from order

def data =
:location, order_item[order], order_time[order], order, order_location[order]
from order

def data =
:price, order_item[order], order_time[order], order, p
from order, p
where p = order_location[order].price[order_item[order]]

def export = export_csv[(:path, cloud_URI); (:data, data)]

The CSV file contains four columns defined by :cocktail, :location, :price, and :time in the relation data. The compounded positional key is the tuple of the three arguments stored after the column names, i.e.: order_item[order], order_time[order], order referring to the cocktail name, order time, and order ID.

As in the case for a single-valued positional key, the entries in the compound key are not exported. You can verify this by looking at the CSV file, where you can see that there is no order ID column. The cocktail name and the order time are shown in the CSV file because you explicitly constructed two columns, :time and :cocktail, which contain this information.

cocktail,location,price,time
cosmopolitan,foobar,15,2019-12-31T22:00:00
cosmopolitan,wunderbar,14,2019-12-31T22:30:00
cosmopolitan,wunderbar,14,2019-12-31T23:30:00
cosmopolitan,foobar,15,2020-01-01T00:00:00
martini,wunderbar,16,2020-01-01T00:30:00
sazerac,foobar,10,2019-12-31T23:00:00


There are certain cases where you can have data with type-overloaded keys. For instance, in the previous running example, you could have two bars where one keeps orders as an integer while the other one keeps them as string. Case in point, the code below exports the data where the order_item relation contains a key of two types, i.e., string and integer.

def order_location = {"111"; "222"}, "foobar"
def order_location = {111}, "wunderbar"

def order_item = {
("111", "cosmopolitan" );
("222", "sazerac" );
(111, "martini");
}

def data =  :cocktail, order, order_item[order]
from order
def data = :location, order, order_location[order]
from order

def export = export_csv[(:path, cloud_URI); (:data, data)]

The output file looks as follows:

cocktail,location
cosmopolitan,foobar
sazerac,foobar
martini,wunderbar


You can see that the output is similar to sequentially appending the data from both key types. In other words, Rel can handle the fact that the keys are of different types and outputs the data accordingly. This is also true for compound keys with different arities, e.g., combining arity-1 and arity-2 keys (see section Compound Keys).

### Multiple Exports#

You can also perform multiple exports of data. Here is an example that exports the same data to two different files and chooses a different delimiter for each file. To do this, you need to assign each export instruction a unique key within the relation export (in this case, :one and :two) in order to distinguish the exports. Note that the unique keys within the relation export need to be specialized values.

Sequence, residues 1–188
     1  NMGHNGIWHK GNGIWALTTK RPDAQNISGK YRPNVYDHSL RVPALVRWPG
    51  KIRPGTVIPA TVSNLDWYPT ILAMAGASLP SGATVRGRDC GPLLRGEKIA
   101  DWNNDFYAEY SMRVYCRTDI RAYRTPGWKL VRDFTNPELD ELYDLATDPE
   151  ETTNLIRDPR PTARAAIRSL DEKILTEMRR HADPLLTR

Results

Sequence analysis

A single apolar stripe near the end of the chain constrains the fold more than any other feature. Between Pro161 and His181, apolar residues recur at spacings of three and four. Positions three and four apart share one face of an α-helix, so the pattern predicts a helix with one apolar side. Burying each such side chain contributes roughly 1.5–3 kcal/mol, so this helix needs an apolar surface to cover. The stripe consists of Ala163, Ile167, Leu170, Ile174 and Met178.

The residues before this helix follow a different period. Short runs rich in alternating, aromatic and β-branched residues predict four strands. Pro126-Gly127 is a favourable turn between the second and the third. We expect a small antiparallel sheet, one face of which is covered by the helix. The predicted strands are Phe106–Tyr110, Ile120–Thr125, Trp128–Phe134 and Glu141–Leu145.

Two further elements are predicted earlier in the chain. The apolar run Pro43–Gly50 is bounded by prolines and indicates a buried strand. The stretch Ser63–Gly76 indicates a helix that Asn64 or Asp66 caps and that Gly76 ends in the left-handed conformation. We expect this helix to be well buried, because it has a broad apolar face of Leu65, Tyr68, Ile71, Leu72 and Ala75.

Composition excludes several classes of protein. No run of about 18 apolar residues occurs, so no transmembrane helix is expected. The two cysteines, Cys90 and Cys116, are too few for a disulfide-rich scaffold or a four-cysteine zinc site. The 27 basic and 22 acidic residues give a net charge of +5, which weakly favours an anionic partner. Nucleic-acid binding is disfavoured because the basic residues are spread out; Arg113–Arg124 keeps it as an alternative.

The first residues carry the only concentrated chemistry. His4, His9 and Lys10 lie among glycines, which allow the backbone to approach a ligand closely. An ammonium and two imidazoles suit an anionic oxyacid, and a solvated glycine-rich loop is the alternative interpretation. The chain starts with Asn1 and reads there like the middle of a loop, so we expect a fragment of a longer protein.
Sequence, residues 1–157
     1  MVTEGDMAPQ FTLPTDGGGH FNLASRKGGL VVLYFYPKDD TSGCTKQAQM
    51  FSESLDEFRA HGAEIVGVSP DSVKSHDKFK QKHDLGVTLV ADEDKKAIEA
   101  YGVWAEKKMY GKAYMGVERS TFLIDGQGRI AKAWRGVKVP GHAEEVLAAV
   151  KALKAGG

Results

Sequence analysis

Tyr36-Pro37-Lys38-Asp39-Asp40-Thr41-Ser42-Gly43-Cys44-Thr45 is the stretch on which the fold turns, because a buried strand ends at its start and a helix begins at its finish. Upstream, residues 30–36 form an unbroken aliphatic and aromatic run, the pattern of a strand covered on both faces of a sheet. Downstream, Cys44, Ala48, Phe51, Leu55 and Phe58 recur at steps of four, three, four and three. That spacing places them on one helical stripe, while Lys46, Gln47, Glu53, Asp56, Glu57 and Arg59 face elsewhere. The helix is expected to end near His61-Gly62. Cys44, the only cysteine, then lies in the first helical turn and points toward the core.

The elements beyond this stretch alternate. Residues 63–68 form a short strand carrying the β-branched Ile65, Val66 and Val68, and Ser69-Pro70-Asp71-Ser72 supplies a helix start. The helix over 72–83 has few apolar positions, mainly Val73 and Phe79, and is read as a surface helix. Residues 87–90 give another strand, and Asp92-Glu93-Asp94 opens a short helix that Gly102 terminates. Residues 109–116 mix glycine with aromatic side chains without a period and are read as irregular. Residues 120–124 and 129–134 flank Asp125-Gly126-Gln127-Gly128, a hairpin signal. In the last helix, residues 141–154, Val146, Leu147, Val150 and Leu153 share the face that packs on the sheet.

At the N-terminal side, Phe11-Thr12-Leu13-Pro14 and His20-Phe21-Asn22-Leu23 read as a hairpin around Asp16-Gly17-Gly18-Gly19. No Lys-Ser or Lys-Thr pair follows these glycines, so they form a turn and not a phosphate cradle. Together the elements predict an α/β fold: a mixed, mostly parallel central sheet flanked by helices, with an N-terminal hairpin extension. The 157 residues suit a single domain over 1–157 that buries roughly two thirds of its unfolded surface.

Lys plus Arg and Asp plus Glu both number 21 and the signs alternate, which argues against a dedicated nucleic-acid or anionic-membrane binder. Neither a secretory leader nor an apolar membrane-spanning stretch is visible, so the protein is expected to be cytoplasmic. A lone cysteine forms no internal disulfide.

def data:cocktail = {(1, "sazerac"); (2, "cosmopolitan"); (3, "martini")}
def data:price = {(1, 15); (2, 20); (3, 12)}

def config_base:data = data

module config1
def path = "cloud_URI1"
def syntax:delim = '|'
end

module config2
def path = "cloud_URI2"
def syntax:delim = ';'
end

def export[:one] = export_csv[config1 <++ config_base]
def export[:two] = export_csv[config2 <++ config_base]

The two CSV files look as follows:

>>> csv_data_1.csv
cocktail|price
sazerac|15
cosmopolitan|20
martini|12

>>> csv_data_2.csv
cocktail;price
sazerac;15
cosmopolitan;20
martini;12


Note that through the use of the left override operator, <++, configurations that are not defined within modules config1 and config2 but defined in config_base are used as default. This prevents the case that multiple values are assigned to the same configuration, which can easily happen when using the union operator, ;, since overwriting is not applied.

### Exporting Relations Sequentially#

In certain cases, you may wish to export relations one after the other in a sequential fashion. This is useful, for example, if you want to export data from different relations to a single file. Here is an example that exports relations in such a way:

def cocktail = {"sazerac"; "cosmopolitan"; "martini"}
def price = {15; 20; 12}

def data(:cocktail, pos, v) = auto_number[cocktail](v, pos)
def data(:price, pos, v) = auto_number[price](v, pos)

def export = export_csv[(:path, cloud_URI); (:data, data)]

giving the output:

cocktail,price
cosmopolitan,
martini,
sazerac,
,12
,15
,20


The use of auto_number generates unique (i.e., non-overlapping) keys for each relation. Please note that because of auto_number, each relation has missing values because each value in cocktail and prices will get a different position value.

## How Not to Use the export Relation#

As discussed, populating the relation export triggers the data export. This functionality can be problematic if export is persisted in the database, for instance, when installing a model. In this case, export will be evaluated, and data will potentially be exported every time a request is sent to the database.

Generally, this behavior is not desired, and it is therefore advisable to define the export relation only as a transient predicate in a query and not as part of an installed model. See the Installing Models and the Updating Data: Working with Base Relations Concept Guides for more details about installed predicates, updates, and read-only transactions.

Similarly, you should be careful not to install the definition of config used in an export, since it will then be picked up by other import or exports if they use the same config name.